A Shift in Approach Could Help Keep Short-Term Markets Liquid

Since overnight lending rates in the U.S. spiked as high as 10% during trading on 17 September, steps taken by the New York Federal Reserve and the Federal Open Market Committee (FOMC) to inject excess cash into the financial system have succeeded in calming funding markets. However, the episode is a stark reminder of an unintended consequence of post-crisis regulations.

Large banks in the U.S. now operate with greater levels of capital and liquidity, which makes the system sounder, but regulations have also reduced the efficient flow of cash through the financial system and constrained the Fed’s ability to further normalize the size of its balance sheet.

While this may not matter most of the time, these frictions can create periods of elevated funding levels and episodes of stress in liquidity markets around scheduled settlement dates for U.S. Treasury issuance and important regulatory filing dates. But more importantly, a still-large balance sheet could make FOMC members warier about expanding the balance sheet during a future downturn. Instead, members might favor policies that extend the weighted average maturity of assets held, or rely more heavily on forward guidance to control the yield curve.

Still, we think there are policy tools in the Fed arsenal that wouldn’t materially alter the soundness of the banking system but could allow cash to move more freely, potentially contributing to fewer dislocations and lower systemwide liquidity needs.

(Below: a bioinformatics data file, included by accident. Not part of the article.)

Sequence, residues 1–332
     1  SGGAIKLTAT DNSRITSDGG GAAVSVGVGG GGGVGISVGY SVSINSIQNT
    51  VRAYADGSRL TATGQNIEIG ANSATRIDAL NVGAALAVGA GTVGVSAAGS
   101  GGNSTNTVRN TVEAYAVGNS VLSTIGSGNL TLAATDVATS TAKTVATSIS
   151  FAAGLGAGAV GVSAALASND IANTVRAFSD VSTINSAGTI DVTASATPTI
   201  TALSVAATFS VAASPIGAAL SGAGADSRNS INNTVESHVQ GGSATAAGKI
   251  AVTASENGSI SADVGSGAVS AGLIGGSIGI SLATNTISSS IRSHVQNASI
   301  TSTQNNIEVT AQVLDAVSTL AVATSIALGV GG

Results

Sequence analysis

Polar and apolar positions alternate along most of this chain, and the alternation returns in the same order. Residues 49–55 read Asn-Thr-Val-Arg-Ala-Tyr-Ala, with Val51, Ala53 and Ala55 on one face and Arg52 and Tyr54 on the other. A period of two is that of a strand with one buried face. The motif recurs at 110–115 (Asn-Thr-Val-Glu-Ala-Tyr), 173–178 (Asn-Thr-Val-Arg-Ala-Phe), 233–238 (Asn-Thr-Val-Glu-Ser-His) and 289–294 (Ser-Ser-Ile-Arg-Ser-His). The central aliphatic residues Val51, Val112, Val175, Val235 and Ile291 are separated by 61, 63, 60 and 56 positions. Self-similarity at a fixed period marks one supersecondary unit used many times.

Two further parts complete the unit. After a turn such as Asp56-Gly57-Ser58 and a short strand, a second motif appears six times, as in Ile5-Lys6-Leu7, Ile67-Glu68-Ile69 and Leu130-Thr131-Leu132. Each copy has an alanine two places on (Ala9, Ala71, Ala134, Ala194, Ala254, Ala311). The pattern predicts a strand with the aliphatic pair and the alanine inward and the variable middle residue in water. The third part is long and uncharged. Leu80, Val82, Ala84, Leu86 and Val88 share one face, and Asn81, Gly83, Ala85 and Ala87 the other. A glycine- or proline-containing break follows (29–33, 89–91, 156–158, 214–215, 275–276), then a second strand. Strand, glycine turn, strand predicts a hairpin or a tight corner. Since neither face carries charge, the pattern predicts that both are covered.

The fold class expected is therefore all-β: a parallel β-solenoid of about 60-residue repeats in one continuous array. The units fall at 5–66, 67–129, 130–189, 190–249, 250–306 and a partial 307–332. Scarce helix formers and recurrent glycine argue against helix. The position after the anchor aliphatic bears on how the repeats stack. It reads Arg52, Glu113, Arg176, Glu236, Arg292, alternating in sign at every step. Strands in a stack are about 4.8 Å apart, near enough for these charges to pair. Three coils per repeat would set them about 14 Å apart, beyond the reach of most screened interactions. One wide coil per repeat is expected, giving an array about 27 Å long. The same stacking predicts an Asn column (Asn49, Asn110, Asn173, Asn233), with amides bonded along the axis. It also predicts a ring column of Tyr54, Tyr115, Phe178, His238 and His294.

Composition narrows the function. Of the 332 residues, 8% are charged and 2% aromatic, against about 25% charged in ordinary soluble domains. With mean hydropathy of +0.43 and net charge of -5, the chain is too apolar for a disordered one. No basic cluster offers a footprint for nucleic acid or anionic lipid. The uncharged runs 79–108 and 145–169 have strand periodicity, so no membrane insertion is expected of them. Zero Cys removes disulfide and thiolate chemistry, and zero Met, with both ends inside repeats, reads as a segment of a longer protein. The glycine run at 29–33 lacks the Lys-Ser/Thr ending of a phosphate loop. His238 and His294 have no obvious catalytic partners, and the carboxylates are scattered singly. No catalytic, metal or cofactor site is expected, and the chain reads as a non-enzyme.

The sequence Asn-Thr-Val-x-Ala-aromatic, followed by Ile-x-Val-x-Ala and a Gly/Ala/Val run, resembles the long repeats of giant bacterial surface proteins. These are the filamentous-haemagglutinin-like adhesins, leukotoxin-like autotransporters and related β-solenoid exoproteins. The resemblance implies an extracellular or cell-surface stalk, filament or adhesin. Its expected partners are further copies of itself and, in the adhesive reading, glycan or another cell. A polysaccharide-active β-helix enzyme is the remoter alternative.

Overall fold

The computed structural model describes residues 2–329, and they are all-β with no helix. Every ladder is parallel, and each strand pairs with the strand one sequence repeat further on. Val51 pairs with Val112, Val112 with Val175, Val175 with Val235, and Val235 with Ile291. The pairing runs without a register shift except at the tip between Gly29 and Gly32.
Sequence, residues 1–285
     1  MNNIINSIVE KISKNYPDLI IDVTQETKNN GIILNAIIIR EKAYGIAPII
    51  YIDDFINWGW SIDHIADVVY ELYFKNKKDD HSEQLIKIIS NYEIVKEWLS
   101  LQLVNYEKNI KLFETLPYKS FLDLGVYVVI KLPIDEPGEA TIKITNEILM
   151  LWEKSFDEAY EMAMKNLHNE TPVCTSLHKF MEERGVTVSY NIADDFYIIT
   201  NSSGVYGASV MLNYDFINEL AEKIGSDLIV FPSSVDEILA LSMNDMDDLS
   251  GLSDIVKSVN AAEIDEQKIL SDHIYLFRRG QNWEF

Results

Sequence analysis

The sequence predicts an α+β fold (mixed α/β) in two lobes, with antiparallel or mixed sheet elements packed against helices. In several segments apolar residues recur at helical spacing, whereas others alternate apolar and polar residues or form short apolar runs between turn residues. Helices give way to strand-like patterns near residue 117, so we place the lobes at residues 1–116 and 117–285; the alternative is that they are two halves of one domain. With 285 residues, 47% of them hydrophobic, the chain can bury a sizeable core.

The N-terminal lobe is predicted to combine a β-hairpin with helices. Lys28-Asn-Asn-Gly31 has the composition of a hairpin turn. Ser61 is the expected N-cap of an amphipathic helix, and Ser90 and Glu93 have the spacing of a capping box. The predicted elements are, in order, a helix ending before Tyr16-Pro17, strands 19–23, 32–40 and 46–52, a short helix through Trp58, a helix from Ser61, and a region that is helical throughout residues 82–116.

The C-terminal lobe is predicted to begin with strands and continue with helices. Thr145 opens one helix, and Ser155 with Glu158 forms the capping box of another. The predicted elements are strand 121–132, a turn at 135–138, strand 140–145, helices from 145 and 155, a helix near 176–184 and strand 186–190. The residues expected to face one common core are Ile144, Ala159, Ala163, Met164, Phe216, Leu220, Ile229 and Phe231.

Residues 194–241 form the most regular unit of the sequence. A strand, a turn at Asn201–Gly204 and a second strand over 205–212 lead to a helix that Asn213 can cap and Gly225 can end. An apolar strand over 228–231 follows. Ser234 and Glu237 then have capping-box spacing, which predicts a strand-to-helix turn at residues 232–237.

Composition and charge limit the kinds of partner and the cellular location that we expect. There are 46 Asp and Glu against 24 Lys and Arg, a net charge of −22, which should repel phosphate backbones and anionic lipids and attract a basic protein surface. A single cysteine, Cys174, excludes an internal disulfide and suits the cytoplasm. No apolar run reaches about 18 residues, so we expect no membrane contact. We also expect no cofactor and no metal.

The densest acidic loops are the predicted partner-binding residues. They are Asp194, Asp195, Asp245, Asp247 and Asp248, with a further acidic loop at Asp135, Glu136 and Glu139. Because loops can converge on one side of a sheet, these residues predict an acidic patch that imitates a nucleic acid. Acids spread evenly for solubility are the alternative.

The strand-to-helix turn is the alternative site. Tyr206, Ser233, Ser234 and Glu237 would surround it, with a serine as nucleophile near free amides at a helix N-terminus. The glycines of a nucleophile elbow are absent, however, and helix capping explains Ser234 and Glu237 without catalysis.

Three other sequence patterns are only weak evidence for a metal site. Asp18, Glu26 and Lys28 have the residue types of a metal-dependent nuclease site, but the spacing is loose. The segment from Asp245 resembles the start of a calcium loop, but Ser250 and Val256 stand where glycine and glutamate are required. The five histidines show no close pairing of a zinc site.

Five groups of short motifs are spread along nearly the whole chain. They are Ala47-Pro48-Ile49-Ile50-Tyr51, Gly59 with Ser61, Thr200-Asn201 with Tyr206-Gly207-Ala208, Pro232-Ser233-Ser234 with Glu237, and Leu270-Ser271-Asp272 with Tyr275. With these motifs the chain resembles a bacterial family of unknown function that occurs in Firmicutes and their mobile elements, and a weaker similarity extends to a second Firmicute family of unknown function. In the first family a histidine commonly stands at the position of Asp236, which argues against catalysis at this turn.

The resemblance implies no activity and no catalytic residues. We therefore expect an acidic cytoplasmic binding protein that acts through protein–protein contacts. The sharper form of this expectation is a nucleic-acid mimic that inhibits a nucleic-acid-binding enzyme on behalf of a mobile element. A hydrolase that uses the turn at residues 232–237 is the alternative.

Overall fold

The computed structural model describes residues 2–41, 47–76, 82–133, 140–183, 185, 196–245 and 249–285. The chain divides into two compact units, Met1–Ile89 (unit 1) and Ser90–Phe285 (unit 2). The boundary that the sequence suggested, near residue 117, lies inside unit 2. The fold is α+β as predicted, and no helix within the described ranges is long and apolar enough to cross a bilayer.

Funding market stress revealed banks’ need for liquidity

Over the past several years, the U.S. Federal Reserve has been slowly normalizing the size of its balance sheet, including reducing banks’ excess reserves, as U.S. economic fundamentals improved. Until recently, that process had occurred with relatively little disruption. However, in mid-September short-term lending rates unexpectedly ratcheted higher as banks struggled to maintain adequate liquidity in the face of large corporate tax payments and other factors, which abruptly drained $100 billion–$150 billion in cash from the banking system.

In response, the Fed injected $75 billion through its temporary overnight open market operations (OMO) and subsequently announced a program to buy U.S. Treasury bills, which will inject $60 billion per month through March of 2020. Overall, we estimate these operations will increase banks’ aggregate cash reserves by roughly $300 billion–$1.5 trillion and lift the Fed’s total balance sheet to $4 trillion.

These cash infusions have succeeded in calming short-term funding markets. However, there is no guarantee the extra liquidity will always be efficiently allocated around the banking system. As a result, we expect funding market pressures to reemerge as we approach important bank reporting dates, including year-end.